CSE Study | Centre for Science and Environment

CSE Study


Pesticide residues in blood of Punjab farmers

Pesticides are commonly used in India but this comes at great cost to human health. The Centre for Science and Environment decided to investigate the matter and looked at the agricultural heartland of Punjab. It found that  15 different pesticides in the 20 blood samples tested from four villages in Punjab. But what is more important to find out is how much of pesticide in blood is ‘safe’. Does a safety threshold level exist? If yes, how do scientists — and the industry — compute it?

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Pesticides in soft drinks

Adopting dual standards is a practice large multi national corporations follow especially when it comes to developing countries. Soft drinks industry is a classic case of this as the Centre for Science and Environment (CSE) discovered way back in 2003.  A laboratory report prepared by CSE detailed some astonishing facts about the extent of pesticide contamination in soft drinks sold in India.

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Pesticide regulations

Pesticides are widely used in agriculture without paying much heed to the consequences of its unregulated and indiscriminate use . This fact has been known to our policy makers for nearly five decades. The government is atleast under law supposed to regulate its use. The Insecticides Act of 1968 is a key piece of legislation that is supposed to govern the use, manufacture, distribution, sale and transport of insecticides with a view to lowering risks to human and animal health.

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Anderson's Extradition & Approval for a Memorial

A Delhi court of the chief metropolitan magistrate gave the green signal to the Central Bureau of Investigation (CBI) on March 23 to extradite former Union Carbide Corporation (UCC) chairperson Warren Anderson- an accused in the 1984 Bhopal gas tragedy case, now based in US. Anderson, now 90, has never faced trial in the Bhopal gas tragedy case.

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Front Page Teaser: 

A fortnight before the hearing of the Curative Petition in the Bhopal Gas Tragedy case begins on April 13, there have been a flurry of events. From the Central Bureau of Investigation getting a nod to extradite UCC's former chairperson Warren Anderson to in-principle approval for memorial for the Bhopal gas tragedy victims. But activists working with the victims say this is an eyewash. According to them, neither is the CBI fully prepared to extradite Anderson nor is the memorial going to be built soon enough as the site remains to be cleaned.

BIS agrees Phthalates are harmful

The BIS agrees that there is a need to regulate the use of phthalates in toys. The BIS stated this in a response to the Bombay High Court on Feb 24th 2011. The court was hearing a PIL filed by the Consumers Welfare Association in 2007, seeking action against the sale of toxic toys in India. The Bombay High Court bench of Chief Justice Mohit Shah and Justice D Y Chandrachud in September last year, asked the BIS to respond to central government's suggestions on the need to regulate the use of phthalates in toys.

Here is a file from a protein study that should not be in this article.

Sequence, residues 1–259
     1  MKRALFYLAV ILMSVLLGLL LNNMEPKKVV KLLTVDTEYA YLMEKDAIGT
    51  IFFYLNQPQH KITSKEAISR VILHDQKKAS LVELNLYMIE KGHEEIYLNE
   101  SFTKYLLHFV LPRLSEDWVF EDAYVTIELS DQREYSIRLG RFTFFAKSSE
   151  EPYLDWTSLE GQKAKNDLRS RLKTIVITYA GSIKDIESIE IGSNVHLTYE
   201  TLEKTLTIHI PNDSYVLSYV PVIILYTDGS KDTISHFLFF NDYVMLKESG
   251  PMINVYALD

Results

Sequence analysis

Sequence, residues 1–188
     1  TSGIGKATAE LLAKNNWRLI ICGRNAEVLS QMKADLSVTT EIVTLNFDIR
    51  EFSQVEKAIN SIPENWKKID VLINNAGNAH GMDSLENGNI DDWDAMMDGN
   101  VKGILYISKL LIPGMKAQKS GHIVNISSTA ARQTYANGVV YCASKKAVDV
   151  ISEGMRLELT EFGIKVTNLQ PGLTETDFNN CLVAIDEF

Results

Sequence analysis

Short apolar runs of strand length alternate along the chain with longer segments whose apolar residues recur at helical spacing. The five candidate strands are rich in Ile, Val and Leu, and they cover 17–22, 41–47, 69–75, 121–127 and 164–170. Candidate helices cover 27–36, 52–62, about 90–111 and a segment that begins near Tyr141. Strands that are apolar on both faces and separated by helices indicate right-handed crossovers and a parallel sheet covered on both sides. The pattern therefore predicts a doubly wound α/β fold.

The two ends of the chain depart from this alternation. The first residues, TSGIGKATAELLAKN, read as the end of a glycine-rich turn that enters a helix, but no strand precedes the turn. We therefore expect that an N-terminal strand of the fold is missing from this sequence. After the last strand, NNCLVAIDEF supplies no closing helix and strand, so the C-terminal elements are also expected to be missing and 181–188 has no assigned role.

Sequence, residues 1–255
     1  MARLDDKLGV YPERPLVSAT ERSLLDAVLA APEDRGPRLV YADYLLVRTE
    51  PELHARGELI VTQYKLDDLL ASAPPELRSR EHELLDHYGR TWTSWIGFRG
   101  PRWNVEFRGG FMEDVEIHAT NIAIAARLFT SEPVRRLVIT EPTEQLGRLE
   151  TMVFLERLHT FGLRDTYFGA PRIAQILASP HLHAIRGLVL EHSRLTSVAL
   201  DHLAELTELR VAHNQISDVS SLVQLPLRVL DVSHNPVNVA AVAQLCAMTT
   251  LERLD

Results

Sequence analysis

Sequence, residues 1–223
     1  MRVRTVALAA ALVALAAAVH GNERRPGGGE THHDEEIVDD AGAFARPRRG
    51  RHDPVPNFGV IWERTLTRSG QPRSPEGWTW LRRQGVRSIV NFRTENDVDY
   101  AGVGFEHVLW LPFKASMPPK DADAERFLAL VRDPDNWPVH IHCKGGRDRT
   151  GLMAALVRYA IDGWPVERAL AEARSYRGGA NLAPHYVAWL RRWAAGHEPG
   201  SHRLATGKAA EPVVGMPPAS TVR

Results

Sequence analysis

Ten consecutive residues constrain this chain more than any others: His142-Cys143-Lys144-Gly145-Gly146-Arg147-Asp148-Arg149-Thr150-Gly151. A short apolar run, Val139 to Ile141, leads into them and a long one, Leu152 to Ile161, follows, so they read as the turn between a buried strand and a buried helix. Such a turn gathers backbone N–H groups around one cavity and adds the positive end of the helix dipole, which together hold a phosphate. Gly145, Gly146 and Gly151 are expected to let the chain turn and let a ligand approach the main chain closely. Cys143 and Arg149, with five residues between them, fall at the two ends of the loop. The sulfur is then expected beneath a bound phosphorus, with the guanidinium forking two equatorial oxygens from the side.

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Anderson's Extradition & Approval for a Memorial

A Delhi court of the chief metropolitan magistrate gave the green signal to the Central Bureau of Investigation (CBI) on March 23 to extradite former Union Carbide Corporation (UCC) chairperson Warren Anderson- an accused in the 1984 Bhopal gas tragedy case, now based in US. Anderson, now 90, has never faced trial in the Bhopal gas tragedy case.

bhopal.jpg
Front Page Teaser: 

A fortnight before the hearing of the Curative Petition in the Bhopal Gas Tragedy case begins on April 13, there have been a flurry of events. From the Central Bureau of Investigation getting a nod to extradite UCC's former chairperson Warren Anderson to in-principle approval for memorial for the Bhopal gas tragedy victims. But activists working with the victims, this is an eyewash. According to them, neither is the CBI fully prepared to extradite Anderson nor is the memorial going to be built soon enough as the site remains to be cleaned.

Special Mention on Cancer Train

By H K Dua in the Rajya Sabha on March 9, 2011
 
Train No 339 leaves Abohar every night to reach Bikaner next morning.  Over a period of time it has come to be known as “Cancer Train”.  This train has acquired the dubious reputation simply because nearly 100 cancer patients travel by it from Punjab to Bikaner for diagnosis and treatment at the Acharya Tulsi Regional Cancer Treatment and Research Institute.

BIS agrees Phthalates are harmful

The BIS agrees that there is a need to regulate the use of phthalates in toys. The BIS stated this in a response to the Bombay High Court on Feb 24th 2011. The court was hearing a PIL filed by the Consumers Welfare Association in 2007, seeking action against the sale of toxic toys in India. The Bombay High Court bench of Chief Justice Mohit Shah and Justice D Y Chandrachud in September last year, asked the BIS to respond to central government's suggestions on the need to regulate the use of phthalates in toys.

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Sponge iron’s dirty growth

In the years to come, India's expanding steel production will be largely driven by sponge iron. Sponge iron, also known as direct reduced iron(DRI), is produced from direct reduction of iron ore (in the form of lumps, pellets or fines) by a reducing gas produced from natural gas or coal. Sponge iron gives a cheaper way of producing steel which has a high demand in the market. 

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